How Cops Use Civil Forfeiture to Keep The Public In The Dark About Surveillance
Buying equipment with the funds is “essentially double-bookkeeping,” critics say.
Police across Canada are using civil forfeiture laws to seize everything from houses and cars to small amounts of cash from people who sometimes haven't been convicted of a crime. Some of this money is paying for cutting-edge surveillance equipment, a practice that critics say keeps the public in the dark about police capabilities.
"We are very suspect about what is being purchased [with forfeiture funds]," said Micheal Vonn, policy director for the BC Civil Liberties Association, in an interview. "We have very little public insight into the kinds of equipment that police are using."
"You have a potential for secretly acquired equipment that [isn't] vetted for privacy implications"
Police grants funded by forfeiture dollars are doled out separately from public policing budgets and awarded directly by forfeiture offices or provincial ministries. The grant process is subject to less public scrutiny than the tabling of a municipal policing budget. As a result, Vonn said, there is greater potential for law enforcement to acquire and use equipment that could infringe on fundamental freedoms.
"When you add in what is essentially dual book-keeping, where [purchases] are kept even more off-the record than in the current system, you have a potential for secretly acquired equipment that [isn't] vetted for privacy implications," Vonn said.
While some civil forfeiture funds are spent on programs for at-risk youth and other community outreach initiatives, documents show that a portion of the funds go towards buying surveillance equipment for police.
In British Columbia, past Freedom of Information requests have revealed that dozens of grants awarded to police by the Civil Forfeiture Office paid for Cellebrite phone extractors, GPS tracking systems for vehicles and long-distance surveillance equipment. Police in the small BC city of Abbotsford received a $9,985 civil forfeiture-funded grant in 2014 for a "portable mobile surveillance system," the capabilities of which aren't known because the grant document does not describe the device in greater detail.
"We're seeing an increase in police's [use of] technology to surveil people"
In Manitoba, the Winnipeg Police Service used $365,000 in civil forfeiture grants to purchase unspecified surveillance equipment, an automated license plate reader and two cargo vans. In Ontario, law enforcement grants from both criminal and civil forfeitures were used to fund the deployment of surveillance equipment in the province's biggest cities, with no public oversight.
Anthony Morgan, a human rights and state accountability lawyer in Toronto, said in a phone call that the lack of transparency associated with grant-funded police equipment creates a gap in the public's understanding of how police services are operating.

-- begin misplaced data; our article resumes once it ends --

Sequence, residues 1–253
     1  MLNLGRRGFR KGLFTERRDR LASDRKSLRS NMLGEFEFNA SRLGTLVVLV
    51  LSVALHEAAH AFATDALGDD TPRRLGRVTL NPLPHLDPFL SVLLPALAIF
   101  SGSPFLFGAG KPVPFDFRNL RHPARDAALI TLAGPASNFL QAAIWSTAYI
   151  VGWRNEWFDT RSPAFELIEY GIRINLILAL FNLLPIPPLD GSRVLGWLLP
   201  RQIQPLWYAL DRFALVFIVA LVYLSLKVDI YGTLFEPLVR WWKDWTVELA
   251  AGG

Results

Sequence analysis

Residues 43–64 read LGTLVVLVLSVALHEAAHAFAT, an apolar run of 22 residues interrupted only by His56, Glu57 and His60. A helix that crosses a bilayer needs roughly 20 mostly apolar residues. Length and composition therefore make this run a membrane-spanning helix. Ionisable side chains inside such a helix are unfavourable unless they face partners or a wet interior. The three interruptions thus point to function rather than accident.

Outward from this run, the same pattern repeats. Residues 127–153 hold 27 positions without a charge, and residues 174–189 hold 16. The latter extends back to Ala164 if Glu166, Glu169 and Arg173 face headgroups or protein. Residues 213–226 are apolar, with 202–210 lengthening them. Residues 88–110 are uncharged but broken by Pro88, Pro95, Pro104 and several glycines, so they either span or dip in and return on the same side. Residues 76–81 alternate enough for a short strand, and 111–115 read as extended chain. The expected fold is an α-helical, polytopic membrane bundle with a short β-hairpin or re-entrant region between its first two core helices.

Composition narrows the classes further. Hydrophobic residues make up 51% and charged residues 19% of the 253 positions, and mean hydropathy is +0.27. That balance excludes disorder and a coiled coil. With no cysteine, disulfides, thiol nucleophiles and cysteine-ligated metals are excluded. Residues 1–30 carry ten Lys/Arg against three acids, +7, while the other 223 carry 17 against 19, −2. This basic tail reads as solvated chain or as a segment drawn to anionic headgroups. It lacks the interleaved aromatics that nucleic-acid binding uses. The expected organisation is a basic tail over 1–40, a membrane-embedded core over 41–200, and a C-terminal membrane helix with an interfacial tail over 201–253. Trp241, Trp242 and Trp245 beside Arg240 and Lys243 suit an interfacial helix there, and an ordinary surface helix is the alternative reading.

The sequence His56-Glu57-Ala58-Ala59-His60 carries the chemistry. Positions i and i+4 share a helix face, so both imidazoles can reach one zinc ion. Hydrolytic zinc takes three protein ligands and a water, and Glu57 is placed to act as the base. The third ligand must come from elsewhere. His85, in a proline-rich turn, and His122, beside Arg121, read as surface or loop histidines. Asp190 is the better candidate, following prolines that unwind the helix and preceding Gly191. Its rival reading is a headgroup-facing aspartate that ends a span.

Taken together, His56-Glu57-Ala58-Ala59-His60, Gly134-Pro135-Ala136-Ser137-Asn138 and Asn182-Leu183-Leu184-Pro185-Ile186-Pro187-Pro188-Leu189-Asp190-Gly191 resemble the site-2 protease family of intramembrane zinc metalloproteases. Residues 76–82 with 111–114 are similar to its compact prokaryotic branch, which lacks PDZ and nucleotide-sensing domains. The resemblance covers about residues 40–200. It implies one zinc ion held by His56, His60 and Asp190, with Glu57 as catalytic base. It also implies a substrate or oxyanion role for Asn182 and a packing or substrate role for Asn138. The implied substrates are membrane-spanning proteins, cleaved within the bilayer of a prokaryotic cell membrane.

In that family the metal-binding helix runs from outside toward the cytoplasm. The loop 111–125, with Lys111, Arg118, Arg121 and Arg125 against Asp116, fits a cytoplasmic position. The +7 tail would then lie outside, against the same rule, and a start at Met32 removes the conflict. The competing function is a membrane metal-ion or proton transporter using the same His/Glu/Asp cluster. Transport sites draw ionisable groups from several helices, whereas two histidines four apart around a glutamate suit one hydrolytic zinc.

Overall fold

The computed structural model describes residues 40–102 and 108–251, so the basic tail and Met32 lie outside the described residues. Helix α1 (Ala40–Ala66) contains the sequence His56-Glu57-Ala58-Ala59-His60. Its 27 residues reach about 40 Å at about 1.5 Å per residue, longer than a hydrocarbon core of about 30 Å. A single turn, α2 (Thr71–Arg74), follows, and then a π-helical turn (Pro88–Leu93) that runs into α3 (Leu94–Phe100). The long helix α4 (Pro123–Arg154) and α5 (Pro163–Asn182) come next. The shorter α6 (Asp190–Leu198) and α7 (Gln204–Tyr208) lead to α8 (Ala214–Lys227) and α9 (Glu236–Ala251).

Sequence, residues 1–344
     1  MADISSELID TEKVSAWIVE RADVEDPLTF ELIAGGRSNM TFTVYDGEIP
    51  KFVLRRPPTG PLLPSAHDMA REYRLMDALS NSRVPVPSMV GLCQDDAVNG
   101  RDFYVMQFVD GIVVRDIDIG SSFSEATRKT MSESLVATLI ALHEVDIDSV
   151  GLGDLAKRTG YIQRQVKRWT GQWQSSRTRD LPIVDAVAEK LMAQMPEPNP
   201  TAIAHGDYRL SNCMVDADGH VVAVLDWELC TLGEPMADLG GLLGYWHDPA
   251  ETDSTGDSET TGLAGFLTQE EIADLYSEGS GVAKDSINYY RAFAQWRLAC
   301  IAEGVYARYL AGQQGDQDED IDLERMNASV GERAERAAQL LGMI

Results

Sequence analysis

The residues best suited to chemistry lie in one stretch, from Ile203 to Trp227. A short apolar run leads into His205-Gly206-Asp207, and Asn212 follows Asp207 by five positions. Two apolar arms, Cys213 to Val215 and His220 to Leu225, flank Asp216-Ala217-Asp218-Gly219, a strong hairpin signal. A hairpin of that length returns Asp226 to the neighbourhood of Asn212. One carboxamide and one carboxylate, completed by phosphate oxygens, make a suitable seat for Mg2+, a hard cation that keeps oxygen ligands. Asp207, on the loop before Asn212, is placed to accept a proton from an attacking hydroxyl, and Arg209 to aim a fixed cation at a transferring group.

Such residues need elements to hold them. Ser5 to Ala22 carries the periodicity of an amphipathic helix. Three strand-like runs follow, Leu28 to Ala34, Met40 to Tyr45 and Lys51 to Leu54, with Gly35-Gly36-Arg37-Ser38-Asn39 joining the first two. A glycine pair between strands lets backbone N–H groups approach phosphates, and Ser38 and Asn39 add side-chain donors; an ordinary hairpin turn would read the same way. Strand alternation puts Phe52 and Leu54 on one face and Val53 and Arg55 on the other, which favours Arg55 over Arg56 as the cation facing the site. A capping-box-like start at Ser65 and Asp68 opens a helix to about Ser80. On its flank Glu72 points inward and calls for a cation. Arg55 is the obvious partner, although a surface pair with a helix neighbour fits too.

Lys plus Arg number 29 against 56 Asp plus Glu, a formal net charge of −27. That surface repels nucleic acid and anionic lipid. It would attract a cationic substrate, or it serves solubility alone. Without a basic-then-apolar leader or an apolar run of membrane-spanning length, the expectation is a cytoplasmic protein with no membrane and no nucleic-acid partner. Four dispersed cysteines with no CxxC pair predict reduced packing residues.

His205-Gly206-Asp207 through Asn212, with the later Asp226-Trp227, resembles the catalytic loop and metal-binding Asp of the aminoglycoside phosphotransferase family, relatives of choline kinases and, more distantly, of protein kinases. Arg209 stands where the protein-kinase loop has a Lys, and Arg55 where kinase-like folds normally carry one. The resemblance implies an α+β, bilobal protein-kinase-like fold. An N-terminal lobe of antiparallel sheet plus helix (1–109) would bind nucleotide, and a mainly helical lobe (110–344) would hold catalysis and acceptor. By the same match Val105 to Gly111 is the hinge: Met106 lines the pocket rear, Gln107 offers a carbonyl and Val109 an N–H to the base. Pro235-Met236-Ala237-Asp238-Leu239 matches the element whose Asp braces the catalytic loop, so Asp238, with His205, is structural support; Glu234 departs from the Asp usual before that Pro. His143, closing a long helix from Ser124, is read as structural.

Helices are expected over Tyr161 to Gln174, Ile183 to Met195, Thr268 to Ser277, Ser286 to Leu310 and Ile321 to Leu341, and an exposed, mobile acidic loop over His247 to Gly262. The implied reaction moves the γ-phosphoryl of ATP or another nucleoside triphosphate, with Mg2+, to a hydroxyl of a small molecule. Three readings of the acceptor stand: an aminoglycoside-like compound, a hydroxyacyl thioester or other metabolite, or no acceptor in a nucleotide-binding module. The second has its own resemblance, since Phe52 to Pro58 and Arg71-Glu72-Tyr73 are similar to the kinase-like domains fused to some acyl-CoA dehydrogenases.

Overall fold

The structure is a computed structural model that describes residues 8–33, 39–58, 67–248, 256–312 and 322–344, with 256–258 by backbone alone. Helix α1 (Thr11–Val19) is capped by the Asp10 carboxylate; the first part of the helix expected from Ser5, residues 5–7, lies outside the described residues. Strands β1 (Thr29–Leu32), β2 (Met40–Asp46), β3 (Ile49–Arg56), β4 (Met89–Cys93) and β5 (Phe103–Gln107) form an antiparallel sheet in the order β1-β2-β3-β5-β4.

"Year over year, we're seeing an increase in police's [use of] technology to surveil people. We are supposed to enjoy a reasonable expectation of privacy; police are a public service [and] we should know how they are using this equipment."
According to a spokesperson for the provincial agency Manitoba Justice, in 2013-14, 10 law enforcement agencies in that province received grants from the Criminal Property Forfeiture Fund for equipment and training, totalling approximately $664,000. In the same year, about $185,000 was distributed from the same fund to individual victims or the Victims' Assistance Fund, the representative explained in an email.
Brendan Crawley of the Ontario Ministry of the Attorney General said in an email that the Civil Remedies for Illicit Activities Office has given "educational presentations" about civil forfeiture to around 300 law enforcement officers in each of the past two years. The Victoria Police Department declined to comment on the force's use of civil forfeiture.
While Canada's Supreme Court ruled in 2009 that civil forfeiture laws don't violate the Charter of Rights and Freedoms, recent seizures in Ontario have raised the ire of judges and outraged people who've had their property taken.
A 2014 analysis of civil forfeiture regimes in BC and Ontario in the Western University's Journal of Legal Studies argued that incentives built into civil forfeiture programs can encourage police to pursue more civil forfeitures. "In operation, the greater the incentives contained within the institutional framework, the more public enforcers will use forfeiture laws," the study states.
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